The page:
However, a new study conducted by researchers from the European Society of Cardiology highlighted the risks associated with napping for too long. The study found that shorter naps can be beneficial to consumers’ health, but sleeping for more than an hour during the day can increase the risk for several health concerns.
“Daytime napping is common all over the world and is generally considered a healthy habit,” said researcher Dr. Zhe Pan. “A common view is that napping improves performance and counteracts the negative consequences of ‘sleep debt.’ Our study challenges these widely held opinions.”
Finding the right nap balance
The researchers looked at 20 earlier studies that tracked the risks and benefits associated with daytime napping. They learned that naps of any length could increase consumers’ risk of death by nearly 20 percent; however, longer naps increased the risk of health complications even further.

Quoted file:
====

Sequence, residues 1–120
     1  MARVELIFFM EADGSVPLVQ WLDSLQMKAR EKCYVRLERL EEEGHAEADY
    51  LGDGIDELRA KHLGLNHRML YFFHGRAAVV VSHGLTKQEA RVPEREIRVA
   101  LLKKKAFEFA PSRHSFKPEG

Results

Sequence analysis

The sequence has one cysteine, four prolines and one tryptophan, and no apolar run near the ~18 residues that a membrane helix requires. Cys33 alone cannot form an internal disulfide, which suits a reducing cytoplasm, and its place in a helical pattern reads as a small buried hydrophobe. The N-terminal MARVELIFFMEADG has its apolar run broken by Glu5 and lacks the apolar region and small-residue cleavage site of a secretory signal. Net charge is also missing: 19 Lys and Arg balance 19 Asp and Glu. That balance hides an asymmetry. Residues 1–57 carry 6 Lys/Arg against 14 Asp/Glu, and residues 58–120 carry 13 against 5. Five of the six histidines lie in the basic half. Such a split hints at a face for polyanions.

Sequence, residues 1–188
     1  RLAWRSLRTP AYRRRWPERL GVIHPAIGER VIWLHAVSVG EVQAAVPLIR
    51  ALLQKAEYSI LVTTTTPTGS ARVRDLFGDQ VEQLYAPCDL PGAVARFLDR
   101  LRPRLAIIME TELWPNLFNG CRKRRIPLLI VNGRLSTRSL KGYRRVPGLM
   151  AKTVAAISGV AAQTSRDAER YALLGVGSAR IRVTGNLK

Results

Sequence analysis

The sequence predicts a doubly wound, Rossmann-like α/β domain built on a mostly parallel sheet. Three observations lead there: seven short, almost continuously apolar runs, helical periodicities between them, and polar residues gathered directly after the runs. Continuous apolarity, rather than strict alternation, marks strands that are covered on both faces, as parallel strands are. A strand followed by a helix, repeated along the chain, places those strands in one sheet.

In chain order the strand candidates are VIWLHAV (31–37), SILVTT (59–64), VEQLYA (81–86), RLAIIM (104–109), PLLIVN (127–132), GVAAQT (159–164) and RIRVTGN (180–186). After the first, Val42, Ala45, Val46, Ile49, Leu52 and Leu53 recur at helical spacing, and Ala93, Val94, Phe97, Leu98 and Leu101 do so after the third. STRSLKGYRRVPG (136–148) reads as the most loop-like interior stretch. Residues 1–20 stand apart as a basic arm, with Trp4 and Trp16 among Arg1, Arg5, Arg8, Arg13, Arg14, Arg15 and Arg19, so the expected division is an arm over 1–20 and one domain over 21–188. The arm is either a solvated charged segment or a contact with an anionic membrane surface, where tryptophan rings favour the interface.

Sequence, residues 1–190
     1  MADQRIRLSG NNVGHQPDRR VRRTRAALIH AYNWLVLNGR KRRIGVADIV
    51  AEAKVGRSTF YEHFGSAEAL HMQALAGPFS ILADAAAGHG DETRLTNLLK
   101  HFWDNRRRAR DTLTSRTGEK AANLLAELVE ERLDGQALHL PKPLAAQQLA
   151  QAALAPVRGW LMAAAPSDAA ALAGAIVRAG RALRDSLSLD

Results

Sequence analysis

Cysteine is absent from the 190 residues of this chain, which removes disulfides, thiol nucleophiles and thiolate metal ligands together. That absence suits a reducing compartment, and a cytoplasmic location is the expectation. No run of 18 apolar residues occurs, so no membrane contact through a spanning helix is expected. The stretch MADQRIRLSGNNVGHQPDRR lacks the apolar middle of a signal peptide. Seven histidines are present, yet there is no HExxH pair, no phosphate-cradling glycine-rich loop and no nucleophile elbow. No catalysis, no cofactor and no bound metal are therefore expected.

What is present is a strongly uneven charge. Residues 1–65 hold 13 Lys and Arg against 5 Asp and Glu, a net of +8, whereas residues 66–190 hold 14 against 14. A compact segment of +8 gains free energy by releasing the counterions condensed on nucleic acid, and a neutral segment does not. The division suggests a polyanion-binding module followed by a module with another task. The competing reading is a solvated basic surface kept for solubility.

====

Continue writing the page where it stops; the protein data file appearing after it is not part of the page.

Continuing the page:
The study revealed that the risk of cardiovascular disease was nearly 35 percent higher when consumers napped for at least one hour, while the risk of premature death was 30 percent higher following longer daytime rests. While the researchers also identified health risks with shorter naps, they recommend that consumers keep their daytime sleeping to shorter time slots.
“The results suggest that shorter naps (especially those less than 30 to 45 minutes) might improve heart health in people who sleep insufficiently at night,” said Dr. Pan.
The researchers learned that certain groups, such as older people and women, were more susceptible to adverse effects following a nap of any length. It still remains unclear to the researchers why this association exists, but the results clearly indicate that daytime sleeping can be a health risk to many consumers.
To ensure optimal health, the researchers encourage consumers to avoid napping if it’s not something they already do regularly.
“If you want to take a siesta, our study indicates it’s safest to keep it under an hour,” said Dr. Pan. “For those of us not in the habit of a daytime slumber, there is no convincing evidence to start.”